Shared cycle-path option backed
A group of cyclists is giving the thumbs-up to a proposed four-metre shared pathway along Rocks Rd.
The Nelson City Council and New Zealand Transport Agency have faced a backlash over two concepts it has put out for redeveloping Rocks Rd, but not everyone is unhappy.
The jointly funded project between the council and the agency includes one option of upgrading on-road cycle lanes and the footpath, costing between $9 million and $13m, and a second option of a shared four-metre-wide cycling and walking route on the seaward side of the road for between $11m and $15m.
Anneke van Laanen, who carpools from Ruby Bay to Tahunanui each day and then cycles into town for work, said at the moment the state of Rocks Rd left many cyclists with only the Railway Reserve route, which could be off-putting as it was uphill.
"Rocks Rd is really important and at the moment it is so narrow," she said with traffic signs often covering the cycle lane.
She pointed to the health benefits of walking and cycling, but said there needed to be safe alternatives to driving.
"If it's there, people will use it. It's a stunning spot the whole Rocks Rd, it's beautiful. The safer it is the more it will be used," she said, and for her, a separate shared pathway was the safest option.
Anne Cargill said as a commuter she accepted concept one with its improved on-road cycle-lanes, but as a mother she supported option two.
"I think it's better for a wider range of the Nelson community. Neither the current situation or option one allows for anyone other than a confident cyclist to ride through that corridor," she said.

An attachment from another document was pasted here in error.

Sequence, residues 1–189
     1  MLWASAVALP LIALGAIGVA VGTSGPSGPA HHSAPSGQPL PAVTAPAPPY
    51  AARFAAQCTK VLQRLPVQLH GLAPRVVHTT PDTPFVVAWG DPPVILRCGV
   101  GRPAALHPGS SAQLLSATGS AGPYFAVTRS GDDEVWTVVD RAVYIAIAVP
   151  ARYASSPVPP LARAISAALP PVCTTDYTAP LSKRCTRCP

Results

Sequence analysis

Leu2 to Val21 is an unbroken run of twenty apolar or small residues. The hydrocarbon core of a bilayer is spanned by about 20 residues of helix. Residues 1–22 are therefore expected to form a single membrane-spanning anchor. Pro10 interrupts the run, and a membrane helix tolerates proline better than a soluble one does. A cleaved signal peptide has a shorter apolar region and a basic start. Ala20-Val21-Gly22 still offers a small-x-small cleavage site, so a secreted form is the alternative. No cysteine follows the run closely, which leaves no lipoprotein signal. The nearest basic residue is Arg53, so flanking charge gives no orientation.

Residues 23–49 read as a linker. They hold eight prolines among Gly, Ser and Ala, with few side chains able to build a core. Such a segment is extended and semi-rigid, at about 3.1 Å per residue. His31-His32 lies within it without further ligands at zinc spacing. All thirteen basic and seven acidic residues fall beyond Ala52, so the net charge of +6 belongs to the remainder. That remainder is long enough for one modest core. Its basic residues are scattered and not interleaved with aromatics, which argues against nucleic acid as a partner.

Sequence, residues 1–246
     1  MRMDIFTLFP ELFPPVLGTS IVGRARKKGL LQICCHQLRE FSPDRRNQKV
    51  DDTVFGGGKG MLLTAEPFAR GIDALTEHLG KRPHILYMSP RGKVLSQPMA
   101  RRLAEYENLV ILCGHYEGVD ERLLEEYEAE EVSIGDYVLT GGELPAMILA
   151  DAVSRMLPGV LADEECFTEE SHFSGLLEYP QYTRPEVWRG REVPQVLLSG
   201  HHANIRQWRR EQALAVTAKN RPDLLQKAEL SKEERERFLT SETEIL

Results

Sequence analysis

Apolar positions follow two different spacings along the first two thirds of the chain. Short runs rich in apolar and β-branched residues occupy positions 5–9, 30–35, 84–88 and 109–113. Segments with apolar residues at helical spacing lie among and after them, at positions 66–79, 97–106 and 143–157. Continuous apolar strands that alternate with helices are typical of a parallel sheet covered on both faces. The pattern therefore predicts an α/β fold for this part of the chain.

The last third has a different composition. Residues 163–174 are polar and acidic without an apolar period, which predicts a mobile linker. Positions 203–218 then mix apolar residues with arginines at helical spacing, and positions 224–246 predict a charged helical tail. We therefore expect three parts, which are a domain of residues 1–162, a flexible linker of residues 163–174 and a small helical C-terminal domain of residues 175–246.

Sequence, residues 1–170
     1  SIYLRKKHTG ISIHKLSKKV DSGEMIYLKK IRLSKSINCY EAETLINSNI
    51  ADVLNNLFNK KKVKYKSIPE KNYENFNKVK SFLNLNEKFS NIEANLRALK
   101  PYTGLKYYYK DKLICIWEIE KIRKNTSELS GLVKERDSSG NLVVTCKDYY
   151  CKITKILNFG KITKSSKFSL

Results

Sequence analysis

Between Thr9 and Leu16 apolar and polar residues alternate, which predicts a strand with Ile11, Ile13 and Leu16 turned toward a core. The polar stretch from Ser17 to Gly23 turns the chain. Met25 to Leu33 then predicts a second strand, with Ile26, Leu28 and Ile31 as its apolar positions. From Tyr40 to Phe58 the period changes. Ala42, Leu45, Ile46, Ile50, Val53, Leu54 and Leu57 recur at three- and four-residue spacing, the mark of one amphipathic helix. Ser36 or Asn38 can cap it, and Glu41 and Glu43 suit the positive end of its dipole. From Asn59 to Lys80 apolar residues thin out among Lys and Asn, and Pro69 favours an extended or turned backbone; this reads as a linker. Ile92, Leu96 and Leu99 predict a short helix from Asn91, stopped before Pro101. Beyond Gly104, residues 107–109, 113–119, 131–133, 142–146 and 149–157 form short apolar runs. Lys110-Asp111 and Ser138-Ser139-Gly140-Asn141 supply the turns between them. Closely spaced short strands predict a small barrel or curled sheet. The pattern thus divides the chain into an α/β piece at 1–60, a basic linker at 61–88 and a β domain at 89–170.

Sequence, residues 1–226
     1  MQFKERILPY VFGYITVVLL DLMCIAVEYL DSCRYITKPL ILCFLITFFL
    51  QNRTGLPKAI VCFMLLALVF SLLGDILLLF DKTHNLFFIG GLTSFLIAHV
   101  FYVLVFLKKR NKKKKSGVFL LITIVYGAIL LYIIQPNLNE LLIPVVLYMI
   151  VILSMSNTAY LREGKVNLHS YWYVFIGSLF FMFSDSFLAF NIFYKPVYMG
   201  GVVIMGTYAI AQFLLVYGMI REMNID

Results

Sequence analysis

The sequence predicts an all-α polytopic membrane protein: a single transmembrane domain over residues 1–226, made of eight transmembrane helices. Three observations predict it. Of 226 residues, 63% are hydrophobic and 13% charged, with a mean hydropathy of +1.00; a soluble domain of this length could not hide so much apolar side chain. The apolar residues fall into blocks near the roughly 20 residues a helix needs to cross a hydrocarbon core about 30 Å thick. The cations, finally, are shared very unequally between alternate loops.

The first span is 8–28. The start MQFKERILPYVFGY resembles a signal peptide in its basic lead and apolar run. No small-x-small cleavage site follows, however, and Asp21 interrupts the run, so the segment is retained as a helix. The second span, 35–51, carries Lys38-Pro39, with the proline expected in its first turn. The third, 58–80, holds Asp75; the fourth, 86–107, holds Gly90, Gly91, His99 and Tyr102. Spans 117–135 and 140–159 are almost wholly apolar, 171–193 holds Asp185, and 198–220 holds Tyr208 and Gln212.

"People who are less confident are left with only one option to access Tahunanui beach and that's by car."
Cargill and her husband looked at cycle infrastructure when they moved to Nelson and bought their house in Atawhai because of the shared pathway into the city.
They both commute and their 13-year-old daughter has begun biking on her own into school - this was down to her learning and building her confidence on a shared pathway, said Cargill.
David White from Stoke has been cycling along Rocks Rd every day for 29 years and is keen on option two.
He has experienced the danger of the road, such as at the Richardson St intersection. "I have been hit there myself and knocked off my bike and injured," he said.
"That's one of the reasons I favour all the cycling and pedestrian traffic being on the seaside."
It was a car that hit him and he said he trusted the truck drivers more than those in cars.
"My biggest worry is people using cellphones coming up behind you and not seeing you and hitting you from behind," he said.
White said residents' concerns needed to be accommodated but the redevelopment was still in the conceptual phase and nothing was set in concrete.
He said with education option two would work.
The cyclists made it clear this was not a driver versus cyclist debate as they all owned cars and paid vehicle and road taxes, but chose to cycle when possible to limit their impact on the environment, reduce congestion for those who did not want to bike, and get exercise.
The Nelson Mail